Interview with David Lopez Jackson

David Lopez Jackson has had more than 100 operations to reconstruct his face since he was discovered by a Swiss charity worker as a baby in Peru. His remarkable life is told in The Boy David Story. Future Movies caught up with David in Glasgow shortly before a special screening of the film for his friends and family.

Is it good to be back in Scotland?

I love it. This is my homeland. All my relatives are here except for my immediate family.

Now the documentaries have been made into the one film, is this the end of you being filmed?

Yes, this is the closer coming here. Most people know my story and one person’s point of view can get tiring after a while. No! I shouldn’t say that, but if you’ve seen the film you see me going to California and that’s my future right there.

Moving to Los Angeles, having seen so much of the filmmaking process and being an art school graduate, are you looking to get into making movies yourself?

Yes. Right now I’m going back to school to do graphics and go into special effects. I want to get into some serious 3-D stuff.

What did you think of the film? Is there anything about it you would change?

Hopefully one day I’ll be my own producer, but listen: I don’t want to say I would have done this or done that because it’s someone else’s work. There were little glitches here and there, but overall it’s good.

We don’t really hear you speak as a child in the film. Is that because it’s been cut or was the footage never shot?
No, it’s there. You’ll see it on the DVD release.

What was it like seeing your biological parents on screen given that you’ve never met them in real life?

It was interesting, because I looked at my blood father and thought, wow! This is the person that started the ball rolling. It was a powerful thing.

Are you exploring your Peruvian heritage?

Right now I’m just focusing on my graphics and special effects. Maybe in the future.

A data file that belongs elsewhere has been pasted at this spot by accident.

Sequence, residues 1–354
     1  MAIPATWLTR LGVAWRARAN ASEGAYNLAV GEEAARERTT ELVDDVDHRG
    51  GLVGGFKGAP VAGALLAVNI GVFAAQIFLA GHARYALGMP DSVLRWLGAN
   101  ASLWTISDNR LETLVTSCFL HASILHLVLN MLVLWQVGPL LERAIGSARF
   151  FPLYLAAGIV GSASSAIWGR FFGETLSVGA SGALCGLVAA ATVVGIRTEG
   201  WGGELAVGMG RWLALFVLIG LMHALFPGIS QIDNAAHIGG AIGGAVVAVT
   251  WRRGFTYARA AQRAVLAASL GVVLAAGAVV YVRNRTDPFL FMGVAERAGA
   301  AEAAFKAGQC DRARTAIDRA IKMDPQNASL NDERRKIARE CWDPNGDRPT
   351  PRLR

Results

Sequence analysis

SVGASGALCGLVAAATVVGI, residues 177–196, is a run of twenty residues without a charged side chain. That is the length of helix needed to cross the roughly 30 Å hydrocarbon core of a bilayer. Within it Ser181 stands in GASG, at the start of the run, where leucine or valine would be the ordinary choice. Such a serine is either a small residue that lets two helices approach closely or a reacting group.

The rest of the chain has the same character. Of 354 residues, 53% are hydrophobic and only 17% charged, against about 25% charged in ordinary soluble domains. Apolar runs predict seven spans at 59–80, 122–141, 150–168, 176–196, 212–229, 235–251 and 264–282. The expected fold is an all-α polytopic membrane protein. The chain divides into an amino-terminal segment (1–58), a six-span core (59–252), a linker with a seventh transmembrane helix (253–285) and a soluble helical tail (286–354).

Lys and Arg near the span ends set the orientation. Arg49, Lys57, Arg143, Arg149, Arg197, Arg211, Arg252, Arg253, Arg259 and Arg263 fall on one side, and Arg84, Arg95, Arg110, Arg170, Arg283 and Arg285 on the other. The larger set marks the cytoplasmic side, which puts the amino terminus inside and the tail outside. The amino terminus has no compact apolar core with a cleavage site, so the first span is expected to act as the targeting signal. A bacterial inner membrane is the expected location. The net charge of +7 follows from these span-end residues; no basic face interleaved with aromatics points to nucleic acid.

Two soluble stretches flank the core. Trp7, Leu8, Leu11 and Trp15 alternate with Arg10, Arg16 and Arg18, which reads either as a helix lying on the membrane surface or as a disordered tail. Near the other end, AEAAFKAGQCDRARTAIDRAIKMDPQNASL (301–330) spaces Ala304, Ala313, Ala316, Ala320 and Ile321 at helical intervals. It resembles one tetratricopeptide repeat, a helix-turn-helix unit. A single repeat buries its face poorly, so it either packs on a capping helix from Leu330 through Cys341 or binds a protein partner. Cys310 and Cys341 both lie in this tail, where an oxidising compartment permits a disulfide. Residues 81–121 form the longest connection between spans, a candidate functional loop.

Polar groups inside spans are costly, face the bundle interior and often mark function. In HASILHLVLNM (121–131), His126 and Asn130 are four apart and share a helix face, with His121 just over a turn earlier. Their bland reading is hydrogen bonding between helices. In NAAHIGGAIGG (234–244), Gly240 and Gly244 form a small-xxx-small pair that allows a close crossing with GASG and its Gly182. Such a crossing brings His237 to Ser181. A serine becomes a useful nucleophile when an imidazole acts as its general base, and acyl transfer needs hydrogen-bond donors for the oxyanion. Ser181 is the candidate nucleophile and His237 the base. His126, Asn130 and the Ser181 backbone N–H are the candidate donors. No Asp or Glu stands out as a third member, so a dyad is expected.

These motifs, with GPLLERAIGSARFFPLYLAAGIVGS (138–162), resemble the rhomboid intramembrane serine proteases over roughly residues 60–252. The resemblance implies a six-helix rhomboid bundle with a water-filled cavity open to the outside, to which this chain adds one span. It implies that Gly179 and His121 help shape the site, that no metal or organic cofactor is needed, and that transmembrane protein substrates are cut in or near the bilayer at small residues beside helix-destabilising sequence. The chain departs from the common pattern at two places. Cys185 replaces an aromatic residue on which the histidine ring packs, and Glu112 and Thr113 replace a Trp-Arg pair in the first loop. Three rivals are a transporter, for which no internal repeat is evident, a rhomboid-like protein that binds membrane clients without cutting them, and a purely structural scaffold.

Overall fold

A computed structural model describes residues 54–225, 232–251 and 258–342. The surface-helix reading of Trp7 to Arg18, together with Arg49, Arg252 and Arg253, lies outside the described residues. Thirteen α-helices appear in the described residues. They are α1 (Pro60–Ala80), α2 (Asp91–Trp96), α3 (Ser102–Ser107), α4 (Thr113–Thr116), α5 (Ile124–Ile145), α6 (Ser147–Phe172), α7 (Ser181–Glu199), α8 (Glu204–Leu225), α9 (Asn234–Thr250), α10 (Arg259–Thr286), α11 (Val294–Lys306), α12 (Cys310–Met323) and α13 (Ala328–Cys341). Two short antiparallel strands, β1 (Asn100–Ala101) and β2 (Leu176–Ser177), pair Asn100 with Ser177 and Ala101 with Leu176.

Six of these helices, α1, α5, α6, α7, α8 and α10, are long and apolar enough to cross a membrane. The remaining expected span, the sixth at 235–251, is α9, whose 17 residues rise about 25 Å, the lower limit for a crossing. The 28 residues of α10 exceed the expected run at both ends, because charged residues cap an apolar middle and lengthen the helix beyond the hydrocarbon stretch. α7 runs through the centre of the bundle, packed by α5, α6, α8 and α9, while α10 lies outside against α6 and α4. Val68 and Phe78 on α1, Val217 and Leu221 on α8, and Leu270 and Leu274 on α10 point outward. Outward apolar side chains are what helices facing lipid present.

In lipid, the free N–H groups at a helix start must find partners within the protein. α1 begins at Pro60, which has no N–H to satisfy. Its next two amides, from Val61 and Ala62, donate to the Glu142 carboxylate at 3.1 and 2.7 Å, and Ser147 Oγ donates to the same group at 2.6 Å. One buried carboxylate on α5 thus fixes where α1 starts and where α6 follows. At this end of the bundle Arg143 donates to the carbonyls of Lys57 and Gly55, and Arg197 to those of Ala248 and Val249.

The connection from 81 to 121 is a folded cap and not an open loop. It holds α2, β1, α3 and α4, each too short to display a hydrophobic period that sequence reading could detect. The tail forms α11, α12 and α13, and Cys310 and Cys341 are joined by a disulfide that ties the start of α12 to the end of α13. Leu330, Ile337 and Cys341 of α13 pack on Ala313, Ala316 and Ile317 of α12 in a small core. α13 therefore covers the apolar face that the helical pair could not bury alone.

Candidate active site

It’s an incredibly emotional film in parts. Is it comfortable for you to watch?

I’ve always been in front of cameras and the press, so I have become almost used to it. Watching myself, it’s like a video diary. I wouldn’t say it has brought me any closer to my parents, certainly not as much as moving away, but it’s made me truly realise what they did for me.

Do you find the Boy David tag restrictive?

Yes. I’d like people to know me as something else. That was one part of my life, but now I want to be known as The Graphic Designer David or The Artist David.

Do you intend to have more surgery?

I think I will have maybe five more operations, just to tighten things up. I don’t mind my scars. They’re a part of me and always will be.

It’s a cliché, but it’s always said that LA is superficial and looks obsessed. How have you coped with that?

I just do what I want to do. People should accept me for who I am, not what I look like. I want people to want to know me because of who I am, not the artificial stuff I have.

Have you found yourself cast as an inspiration to people with disfigurements?

I wouldn’t say disfigurements necessarily, I mean, yeah, sure. But I think I’ve also had people look up to me with challenges in general. When I used to get mail, some of these people didn’t have any kind of deformity but were saying: “Wow! You inspire me.” So if I can conquer the whole Hollywood scene – which is a big leap I admit – I might just have opened a can of worms.

That must be empowering.

It would be empowering, because all of a sudden so many other people would say: if he can do it because of what he is inside, what’s stopping me from doing what I want to do? I can overcome these challenges.

Do you still get as many people staring at you?

Of course. As soon as I step out the door I get it. Even though I may be talking to my friends, I can still sense people around me. Yes, it’s a bump in the road, but I can overcome it with my friends and family’s help.

What does the future hold for you?

The three goals that I want to achieve are to be a really good graphics and special effects artist, to open my own Latino club and to do fine arts. That would be fine progress by me.

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